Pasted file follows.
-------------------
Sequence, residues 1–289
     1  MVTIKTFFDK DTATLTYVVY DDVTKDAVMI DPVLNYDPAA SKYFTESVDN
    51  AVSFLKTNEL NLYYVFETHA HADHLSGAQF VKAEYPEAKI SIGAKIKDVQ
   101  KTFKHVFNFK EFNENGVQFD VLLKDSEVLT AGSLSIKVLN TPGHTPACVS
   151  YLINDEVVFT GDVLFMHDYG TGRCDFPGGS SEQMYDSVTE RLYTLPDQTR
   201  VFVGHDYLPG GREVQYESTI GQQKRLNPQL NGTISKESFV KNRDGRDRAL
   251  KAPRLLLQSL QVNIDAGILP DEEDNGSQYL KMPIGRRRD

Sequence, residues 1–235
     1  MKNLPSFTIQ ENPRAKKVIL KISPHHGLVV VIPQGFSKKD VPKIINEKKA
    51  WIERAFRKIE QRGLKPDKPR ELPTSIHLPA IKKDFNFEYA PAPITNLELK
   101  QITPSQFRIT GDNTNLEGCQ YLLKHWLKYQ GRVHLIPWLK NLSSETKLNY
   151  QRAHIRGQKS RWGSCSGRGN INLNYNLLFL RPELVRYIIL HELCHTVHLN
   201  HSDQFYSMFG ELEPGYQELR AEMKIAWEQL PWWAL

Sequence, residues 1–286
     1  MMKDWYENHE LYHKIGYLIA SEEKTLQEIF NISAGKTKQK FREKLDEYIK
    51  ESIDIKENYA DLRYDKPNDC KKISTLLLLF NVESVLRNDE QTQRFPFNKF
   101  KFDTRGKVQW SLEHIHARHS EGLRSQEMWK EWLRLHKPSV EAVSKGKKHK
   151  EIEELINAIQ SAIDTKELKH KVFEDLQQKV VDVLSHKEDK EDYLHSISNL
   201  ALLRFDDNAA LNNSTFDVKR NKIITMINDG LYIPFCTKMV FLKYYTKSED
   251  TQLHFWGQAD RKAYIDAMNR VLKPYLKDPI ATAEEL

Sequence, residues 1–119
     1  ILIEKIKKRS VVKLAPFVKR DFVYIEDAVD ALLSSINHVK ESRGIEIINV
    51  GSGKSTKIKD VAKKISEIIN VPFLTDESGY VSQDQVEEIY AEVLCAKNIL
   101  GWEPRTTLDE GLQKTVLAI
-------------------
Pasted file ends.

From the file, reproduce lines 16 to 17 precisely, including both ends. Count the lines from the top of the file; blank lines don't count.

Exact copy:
    51  ESIDIKENYA DLRYDKPNDC KKISTLLLLF NVESVLRNDE QTQRFPFNKF
   101  KFDTRGKVQW SLEHIHARHS EGLRSQEMWK EWLRLHKPSV EAVSKGKKHK